LAB5 – Overlapping Subnet / IP (Duplicate IP) Solution in GCP

Objective

ACE Enterprise in GCP wants to connect to different partners to consume SaaS services. These partners could be present in physical DC or Branches, or in VPC/VNET in the cloud such as GCP/AWS/Azure/etc. ACE cannot dictate or control the IPs/Subnets/CIDR those partners have configured and must support “Bring Your own IP” which might overlap with what is already configured in GCP.

In our topology GCP Spoke3 VPC subnet is overlapping with AWS Spoke2 VPC subnet (10.42.0.0). We need to make sure that VM in GCP Spoke3 VPC is able to communicate with EC2 in AWS Spoke2 VPC.

Topology Modifications

In order for this lab to work, we are simulating AWS Spoke2 VPC as a remote site/branch

  • Step#1: Detach the aws-spoke2 gateway from transit
  • Step#2: Delete the aws-spoke2-gw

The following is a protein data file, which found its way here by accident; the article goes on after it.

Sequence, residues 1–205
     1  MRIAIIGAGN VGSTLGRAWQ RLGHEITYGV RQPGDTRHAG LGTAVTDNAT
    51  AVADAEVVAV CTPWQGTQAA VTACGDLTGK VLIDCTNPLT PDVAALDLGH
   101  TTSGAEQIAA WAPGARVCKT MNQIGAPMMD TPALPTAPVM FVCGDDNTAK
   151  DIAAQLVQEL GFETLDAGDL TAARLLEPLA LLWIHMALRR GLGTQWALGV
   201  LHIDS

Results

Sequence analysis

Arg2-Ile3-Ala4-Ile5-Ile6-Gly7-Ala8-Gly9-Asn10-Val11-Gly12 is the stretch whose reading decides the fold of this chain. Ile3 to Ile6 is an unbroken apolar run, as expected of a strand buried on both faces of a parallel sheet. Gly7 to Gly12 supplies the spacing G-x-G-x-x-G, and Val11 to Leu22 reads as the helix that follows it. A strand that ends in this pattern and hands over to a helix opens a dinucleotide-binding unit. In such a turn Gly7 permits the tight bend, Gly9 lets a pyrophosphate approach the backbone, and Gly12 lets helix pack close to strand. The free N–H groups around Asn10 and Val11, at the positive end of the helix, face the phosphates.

• Step#3: Deploy a standard Aviatrix Gateway (s2c-gw) in aws-spoke2-vpc

Step#1

Controller –> Multi-Cloud Transit –> Setup –> Detach AWS VPC2

Step#2

Controller –> Gateway –> Highlight AWS VPC2 Spoke GW –> Delete

Step#3

Controller –> Gateway –> Add New (use the following screen)

This getaway could be any router or firewall or vpn device in the on-prem or cloud location.

Topology

  • Following diagram shows the topology after the modifications are done
  • In the topology notice that there is no path between gcp-spoke3-vpc and s2c-gw in aws-spoke2-vpc
  • Also notice the local and remote virtual IPs allocated for the VPCs/Sites that are overlapping. This is needed so that these overlapping VPCs/Sites can communicate with each other using those virtual IPs
    • This is possible using Aviatrix patented technology where as a an enterprise you do not need to worry about programming advanced NAT rather Aviatrix intent based “Mapped NAT” policy will automatically take care of all the background VPC/VNET route programming, Gateway Routing, Secure Tunnel Creation, Certificate Exchange, SNAT, DNAT, etc.

Configuration

Bi-directional setup is needed for this to work. We will create two connections in coming configuration steps.

Connection From GCP to Partner Site (AWS) – Leg1